Saturday

6th Jun 2020

Commissioner defends 'art for art's sake' at Edinburgh festival

  • The commission is hoping to push through its pricy 'Creative Europe' package at a time of deep cuts (Photo: Didier Misson)

National governments and the EU should maintain state funding for the arts rather than leave it in the hands of the market said EU culture commissioner Androulla Vassiliou on Monday (13 August).

Vassiliou was speaking at the start of the first International Culture Summit in Edinburgh.

Read and decide

Join EUobserver today

Support quality EU news

Get instant access to all articles — and 20 years of archives. 14-day free trial.

... or subscribe as a group

The two-day event at the Scottish parliament, which brings together politicians and artists against the backdrop of the annual Edinburgh festival, comes as governments across Europe are making deep cuts in arts spending.

In a press statement released by the EU executive, she emphasised the need for public funding for culture, saying "culture represents a public good in which every citizen has a stake and I believe that the case for public intervention is as strong today as it has ever been: the markets alone cannot deliver all that a civilised society needs."

Opening the event, Scottish culture minister Fiona Hyslop she the arts and creative sector is "key to economic and indeed social recovery, rather than a distraction from it."

Pointing to the widely acclaimed Olympic opening ceremony created by UK film-maker Danny Boyle, Hyslop said the display had had a "dramatic impact" but was also part of "an enduring movement, creating international sporting connections."

"I hope this summit can leave a similar lasting legacy of increased cultural dialogue between nations," she added.

The devolved Scottish government has cut culture spending by 5 percent since 2010 compared with cuts of 30 percent for the rest of the UK.

However, the European Commission is planning to hike its own culture budget to €1.8 billion for the next EU budgetary cycle in 2014-2020 - an increase of nearly 40 percent.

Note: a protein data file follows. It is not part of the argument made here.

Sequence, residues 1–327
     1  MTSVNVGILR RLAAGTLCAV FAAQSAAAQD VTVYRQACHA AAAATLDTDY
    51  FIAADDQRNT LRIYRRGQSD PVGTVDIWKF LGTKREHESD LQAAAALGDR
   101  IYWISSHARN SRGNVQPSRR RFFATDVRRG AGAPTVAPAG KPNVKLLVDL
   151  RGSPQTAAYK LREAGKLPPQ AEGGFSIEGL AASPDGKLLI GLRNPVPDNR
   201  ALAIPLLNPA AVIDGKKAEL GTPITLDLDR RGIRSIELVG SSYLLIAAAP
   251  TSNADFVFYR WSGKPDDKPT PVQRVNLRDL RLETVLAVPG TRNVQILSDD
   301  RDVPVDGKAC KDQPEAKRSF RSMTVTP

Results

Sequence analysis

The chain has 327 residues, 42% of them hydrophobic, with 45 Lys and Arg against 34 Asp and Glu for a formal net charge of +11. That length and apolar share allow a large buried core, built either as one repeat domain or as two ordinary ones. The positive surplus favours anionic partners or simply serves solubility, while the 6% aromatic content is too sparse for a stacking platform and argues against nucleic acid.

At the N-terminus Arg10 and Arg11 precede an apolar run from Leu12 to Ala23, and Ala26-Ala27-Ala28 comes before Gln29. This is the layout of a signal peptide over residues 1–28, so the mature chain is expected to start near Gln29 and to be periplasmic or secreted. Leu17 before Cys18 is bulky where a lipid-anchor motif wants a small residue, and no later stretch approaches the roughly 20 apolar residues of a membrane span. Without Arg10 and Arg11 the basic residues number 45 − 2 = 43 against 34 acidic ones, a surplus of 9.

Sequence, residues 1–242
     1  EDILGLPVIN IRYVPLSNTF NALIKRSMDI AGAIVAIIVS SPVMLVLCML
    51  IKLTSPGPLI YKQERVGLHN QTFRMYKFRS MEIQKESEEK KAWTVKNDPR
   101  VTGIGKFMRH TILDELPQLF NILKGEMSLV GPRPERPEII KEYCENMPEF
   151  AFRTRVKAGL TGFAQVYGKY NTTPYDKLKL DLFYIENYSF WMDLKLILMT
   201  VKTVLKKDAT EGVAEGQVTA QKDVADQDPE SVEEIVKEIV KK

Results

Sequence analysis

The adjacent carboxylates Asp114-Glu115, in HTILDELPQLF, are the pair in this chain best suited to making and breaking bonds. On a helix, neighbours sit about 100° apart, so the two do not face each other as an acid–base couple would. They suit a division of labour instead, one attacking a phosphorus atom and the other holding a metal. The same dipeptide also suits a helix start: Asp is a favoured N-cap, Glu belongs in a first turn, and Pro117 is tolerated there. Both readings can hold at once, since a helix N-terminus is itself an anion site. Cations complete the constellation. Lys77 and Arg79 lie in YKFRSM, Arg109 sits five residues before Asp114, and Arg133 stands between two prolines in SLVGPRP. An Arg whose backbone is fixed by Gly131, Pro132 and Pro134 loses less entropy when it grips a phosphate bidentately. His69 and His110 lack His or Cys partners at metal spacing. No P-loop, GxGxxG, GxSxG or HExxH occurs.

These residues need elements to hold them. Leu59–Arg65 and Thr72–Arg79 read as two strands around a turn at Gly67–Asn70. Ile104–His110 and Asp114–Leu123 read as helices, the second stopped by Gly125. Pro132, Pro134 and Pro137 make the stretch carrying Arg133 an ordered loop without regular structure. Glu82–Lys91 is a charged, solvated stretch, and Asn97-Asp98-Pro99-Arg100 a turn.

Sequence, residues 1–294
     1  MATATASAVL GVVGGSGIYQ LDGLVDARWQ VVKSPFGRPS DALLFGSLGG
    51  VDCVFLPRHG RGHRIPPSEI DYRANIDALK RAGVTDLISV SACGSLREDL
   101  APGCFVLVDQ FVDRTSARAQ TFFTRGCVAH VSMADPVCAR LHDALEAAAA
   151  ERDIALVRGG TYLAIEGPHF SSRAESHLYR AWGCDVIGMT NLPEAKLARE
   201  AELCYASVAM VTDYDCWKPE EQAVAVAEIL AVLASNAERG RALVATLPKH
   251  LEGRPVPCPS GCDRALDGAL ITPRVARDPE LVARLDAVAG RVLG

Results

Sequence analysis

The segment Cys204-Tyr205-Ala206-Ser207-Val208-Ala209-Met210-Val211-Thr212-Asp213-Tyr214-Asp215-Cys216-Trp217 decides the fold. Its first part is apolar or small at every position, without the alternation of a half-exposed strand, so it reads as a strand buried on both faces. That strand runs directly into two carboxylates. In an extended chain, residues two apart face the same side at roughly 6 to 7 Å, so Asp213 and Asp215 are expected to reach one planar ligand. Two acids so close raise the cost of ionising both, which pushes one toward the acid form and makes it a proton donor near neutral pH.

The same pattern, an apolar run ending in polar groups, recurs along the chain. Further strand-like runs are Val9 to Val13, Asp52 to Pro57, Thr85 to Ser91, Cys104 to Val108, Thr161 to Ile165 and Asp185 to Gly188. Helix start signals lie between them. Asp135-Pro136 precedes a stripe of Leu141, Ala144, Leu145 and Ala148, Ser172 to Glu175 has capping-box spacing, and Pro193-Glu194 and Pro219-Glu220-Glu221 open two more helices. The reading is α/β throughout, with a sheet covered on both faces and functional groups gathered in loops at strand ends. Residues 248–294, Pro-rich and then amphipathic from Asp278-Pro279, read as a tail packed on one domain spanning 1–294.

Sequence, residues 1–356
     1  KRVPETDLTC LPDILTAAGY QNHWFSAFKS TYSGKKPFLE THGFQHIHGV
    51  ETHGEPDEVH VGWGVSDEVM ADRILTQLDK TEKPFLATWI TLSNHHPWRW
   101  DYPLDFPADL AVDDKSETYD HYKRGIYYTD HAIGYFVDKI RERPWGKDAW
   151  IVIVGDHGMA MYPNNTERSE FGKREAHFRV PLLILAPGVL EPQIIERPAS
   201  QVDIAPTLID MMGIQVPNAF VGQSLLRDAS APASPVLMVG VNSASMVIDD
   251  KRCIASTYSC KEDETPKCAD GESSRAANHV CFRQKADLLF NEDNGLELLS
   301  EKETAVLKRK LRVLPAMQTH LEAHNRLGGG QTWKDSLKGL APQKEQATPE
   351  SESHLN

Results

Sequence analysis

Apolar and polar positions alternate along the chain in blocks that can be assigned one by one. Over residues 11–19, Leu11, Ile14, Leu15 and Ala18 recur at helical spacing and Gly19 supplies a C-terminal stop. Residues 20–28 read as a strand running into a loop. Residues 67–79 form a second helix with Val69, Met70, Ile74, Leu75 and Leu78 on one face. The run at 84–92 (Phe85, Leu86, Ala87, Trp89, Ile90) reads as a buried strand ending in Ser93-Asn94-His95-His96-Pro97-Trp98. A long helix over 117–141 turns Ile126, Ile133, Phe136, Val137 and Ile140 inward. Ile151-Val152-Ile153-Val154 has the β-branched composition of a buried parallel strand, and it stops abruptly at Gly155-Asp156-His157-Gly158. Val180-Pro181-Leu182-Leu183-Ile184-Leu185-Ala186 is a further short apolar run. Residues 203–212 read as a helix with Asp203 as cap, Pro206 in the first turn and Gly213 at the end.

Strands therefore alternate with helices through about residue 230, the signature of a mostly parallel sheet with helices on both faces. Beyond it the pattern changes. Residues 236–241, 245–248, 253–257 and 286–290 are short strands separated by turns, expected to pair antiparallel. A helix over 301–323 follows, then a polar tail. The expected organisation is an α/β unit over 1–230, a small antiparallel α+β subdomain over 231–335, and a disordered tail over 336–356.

The ambitious "Creative Europe" proposal, which was tabled by the EU executive at the end of 2011, is currently under discussion by the European Parliament and EU countries' ministers, with a final deal expected early next year.

Europe's arts and creative sector accounts for 4.5 percent of GDP across the EU as well as nearly 4 percent of jobs.

Brussels estimates that up to 300,000 artists would receive funding if EU countries approve the scheme.

Vassiliou said the culture blueprint is a bid by the EU executive to "move away from supporting isolated events and projects towards designing a coherent strategy."

Some governments, led by Germany, the Netherlands and the UK, are opposed to the budget increase and are especially critical of plans to create a new EU loan facility specifically for arts businesses.

Vassiliou defended the loan facility, which would see €210 million from the EU budget leveraged to raise up to €1 billion.

The fund would "improve the access to credit of small and medium enterprises by providing risk protection to banks," she said, adding that it would "use the public money of the EU budget to leverage private funding."

EU countries ponder massive increase in arts spending

The European Commission's plan to launch the world's largest ever cultural funding programme is to be tested in coming weeks as EU states ponder if they want arts spending to go up 37 percent.

Pressure mounts on EU cloud deal as deadline looms

The European Commission is under pressure to keep to its self-imposed September deadline to publish an EU cloud computing strategy, as new evidence revealed widespread public confusion about it.

News in Brief

  1. Poland accused of 'blatant violation' of EU court injunction
  2. EU concerned by US approach to Kosovo and Serbia
  3. City morgues cast doubt on Putin's virus data
  4. ECB increases pandemic stimulus to €1.35 trillion
  5. New EU cloud computing platform 'moonshot'
  6. City of Berlin passes anti-discrimination law
  7. Iran hits record corona cases in second wave
  8. EU job losses tell tale of pandemic damage

EU warns UK to abide by Brexit political declaration

"No significant progress" has been made on the latest round of talks between the UK and EU on how their relationship should look from January, according to Michel Barnier. The EU told UK to stick to its prior commitments.

Green Deal

CAP 'failed to halt biodiversity loss', auditors find

The European Court of Auditors has urged the European Commission to establish measurable commitments to tackle biodiversity loss caused by intensive farming - as the Common Agriculture Policy has so far failed to reverse this long-standing issue.

Stakeholders' Highlights

  1. UNESDAHow reducing sugar and calories in soft drinks makes the healthier choice the easy choice
  2. Nordic Council of MinistersGreen energy to power Nordic start after Covid-19
  3. European Sustainable Energy WeekThis year’s EU Sustainable Energy Week (EUSEW) will be held digitally!
  4. Nordic Council of MinistersNordic states are fighting to protect gender equality during corona crisis
  5. UNESDACircularity works, let’s all give it a chance
  6. Nordic Council of MinistersNordic ministers call for post-corona synergies between economic recovery and green transition

Latest News

  1. EU warns UK to abide by Brexit political declaration
  2. Internal EU borders open by 15 June - bar V4, Portugal, Spain
  3. CAP 'failed to halt biodiversity loss', auditors find
  4. After Covid-19, deserted Venice struggles to survive
  5. Commission plans strategy to 'maximise' vaccine access
  6. How spies use women to steal EU secrets
  7. Hong Kong - when the Chinese Dream became a nightmare
  8. Right of reply: Letter from the Hungarian government

Join EUobserver

Support quality EU news

Join us